Monthly Archives: August 2017

Go Vs. Goes – Learn the Difference within a Minute

Grammar check

We all wish to feel proud going with accurate English while speaking or writing. Though, it is a stylish language, but complicated as well. If you do not know the difference between “Go” and “Goes”, it may lead to blunders. Here, we are going to emphasize the difference in a discreet manner.

Basic Things of “Go” and “Goes” –

  • First, “Go” and “Goes” are both associated with a verb form which is “go”. It becomes “Went” in the past.  When it is about continuous, “ING” is added to the form.

The form “go” is used with a subjective plural case, while “goes” comes up with a subjective singular case.

Correct grammar

Check Out the Examples “Go” and “Goes” –

The fact cannot be ignored that it is one of the most asked things among the beginners wishes to have a great hold on grammar. And it comes at the very start of the Tenses. If you understand it in a discreet way, you will never get confused regarding it. And that is why it is quite essential to understand it. Let’s understand the difference between Go and Goes through examples.

  • First person (singular): I go to the gym every day.
  • First person (plural): We go to acting classes’ every day.
  • Second person (singular/plural): You/you people go to MacD every day to have their favourite burger.
  • Subjective third person (plural): They go to the theatre bunking their classes.

Present Indefinite Tense –

Do you remember about Present Indefinite Tense? If you are a bit confused then let’s revise it once again.

Present Indefinite Positive Tense means the first form of the verb is used with “S” and “Es”. We use “S” when it is the singular subject like He, She, It or Names. On the other hand, “Es” is used with the Plural subject like We, They, I, You etc.

Structure of Present Indefinite Tense-

Let’s check it out what is all about the Structure of Present Indefinite Tense-

  • For Singular- 

Subject + Verb (With ‘S’ or ‘Es’) + Object.

Example :

  • Nandini goes to the office every day.
  • He plays football very well.
  • She cooks tasty food.
  • For Plural-

Subject + Verb + Object.

  • We go to Spa every Sunday with friends.
  • They go to the garden to have a lot of fun.

We expect that you have now understood the difference between “Go” and “Goes” and where they are used. In case, if you are still confused what you need to do is go for using Nounplus. Within a short span of time, it has become quite popular.

It is a free tool where you can paste your stuff and gets it accurate without having any grammar mistakes. These days, it is being used on a large scale by the professionals, teachers, and students. It is free software and nothing is charged from you. It is quite easy to use.

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Which is the correct grammar usage: ” a unique” or “an unique”?

correct grammar usage

In written English, many people make many mistakes, but in speaking these mistakes cannot be caught by many. But when a content is read by someone there are many chances of identifying of the mistakes.

Many learners and kids always get confused in using “a” and “an”. Sometimes they put “an” with consonant sounding words and sometimes “a” with vowel sounding words. When kids or other learners, learn using the difference between consonant and vowel sometimes they get confused between sound and words.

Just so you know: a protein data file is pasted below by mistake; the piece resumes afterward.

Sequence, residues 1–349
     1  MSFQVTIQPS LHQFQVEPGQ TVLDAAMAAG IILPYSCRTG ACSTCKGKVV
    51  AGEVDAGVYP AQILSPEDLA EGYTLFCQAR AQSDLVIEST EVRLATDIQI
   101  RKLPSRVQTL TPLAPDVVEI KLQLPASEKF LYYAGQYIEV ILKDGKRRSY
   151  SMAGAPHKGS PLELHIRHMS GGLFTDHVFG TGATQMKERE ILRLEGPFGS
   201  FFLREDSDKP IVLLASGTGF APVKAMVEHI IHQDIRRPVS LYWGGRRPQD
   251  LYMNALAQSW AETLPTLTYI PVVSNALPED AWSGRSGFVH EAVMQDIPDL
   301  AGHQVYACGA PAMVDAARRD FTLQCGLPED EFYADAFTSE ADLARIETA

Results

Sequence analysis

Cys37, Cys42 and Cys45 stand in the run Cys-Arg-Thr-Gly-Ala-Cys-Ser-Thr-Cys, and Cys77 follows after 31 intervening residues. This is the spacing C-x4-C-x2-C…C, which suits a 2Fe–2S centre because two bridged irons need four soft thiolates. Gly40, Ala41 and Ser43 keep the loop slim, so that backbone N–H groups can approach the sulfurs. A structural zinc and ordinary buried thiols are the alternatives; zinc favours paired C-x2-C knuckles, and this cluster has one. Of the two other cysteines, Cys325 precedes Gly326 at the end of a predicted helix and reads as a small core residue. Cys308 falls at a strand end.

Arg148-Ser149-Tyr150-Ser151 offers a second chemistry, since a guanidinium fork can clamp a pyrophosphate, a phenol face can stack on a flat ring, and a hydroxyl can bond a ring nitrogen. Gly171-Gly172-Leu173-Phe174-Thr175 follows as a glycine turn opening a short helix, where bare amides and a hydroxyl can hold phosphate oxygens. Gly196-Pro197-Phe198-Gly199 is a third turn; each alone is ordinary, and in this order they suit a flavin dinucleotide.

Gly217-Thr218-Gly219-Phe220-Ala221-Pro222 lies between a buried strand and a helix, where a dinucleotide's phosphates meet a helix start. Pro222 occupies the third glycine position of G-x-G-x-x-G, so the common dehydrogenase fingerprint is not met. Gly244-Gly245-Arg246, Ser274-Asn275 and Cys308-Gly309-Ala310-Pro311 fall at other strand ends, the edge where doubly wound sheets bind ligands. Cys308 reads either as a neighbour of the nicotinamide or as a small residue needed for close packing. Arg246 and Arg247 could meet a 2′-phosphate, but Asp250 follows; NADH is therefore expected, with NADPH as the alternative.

For example- “unit” is a consonant word, but it is starting with “u” then how “a” can be used ahead of it and if it is starting with U then it is vowel word because U is a vowel, right?

U is a vowel word, but in “unit” it sounds as “yoo” which is not a vowel sounding word.So right answer will be – “a unit”.

For putting “a and an” ahead of any singular word we need to see that the word’s initial sound is sounding as vowel sound or consonants.

What are vowels? A simple answer to this question is-

A, E, I, O and U. These are vowels.

No, the answer is not correct, these above words are vowels, but they are not words they are vowel sounding words. “An” can only be put ahead of those words which are not starting with vowels, but the word’s initial letter or first letter has the vowel sound.

For example- “an honor”,  the word is starting with a consonant, but the first letter of the word “h” is silent here, so the initial sound of the word is “o” which is a vowel sound, that is why we have put “an” ahead of it.

Why “a one-eyed” and “a Europe”?

 In “a one-eyed” one is starting with “O” which is a vowel and similarly in “Europe”, then according to rule “O” and “E” are vowel sounding words then why “a” used head of it. The answer is so simple because one and Europe is might be starting with vowel words, but they have sounded as “W” in one and “Y” in Europe as in “won” and “you”.

There some examples of words which are starting with vowels, but sounds as consonant-

Words have initial sound as “yoo or you”-

­_a unit_, (u-you)

_a unique object_, (u-you)

_a utility_, (u-you)

_a useful thing_, (u-you)

_a university_, (u-you)

_a use_, (u-you)

_a one-time thing_, (u-you)

_a one-eyed dog_, (u-you)

_a European_. (u-you)

An H_ (“an” can be use before H)

Yes, “an” can be used before H, if the H is in starting with the word and it is silent, as in-

_an heir_,

_an hour_,

_an honor_,

_an honest man_.

A  H_

If H is the first letter of any word and it is not silent, then “A” use ahead of it. For example,

­_a hourse_

_a hen_

_a house_

_a hole_

” A unique” or “An unique”?

So, the answer to the very first question now may be readers after reading this can understand.

In “unique” U is vowel word, but in this U sound as “yoo” or “you” which is consonant sound. So, unique is not starting with a vowel sound, using “an” ahead of it will be wrong.

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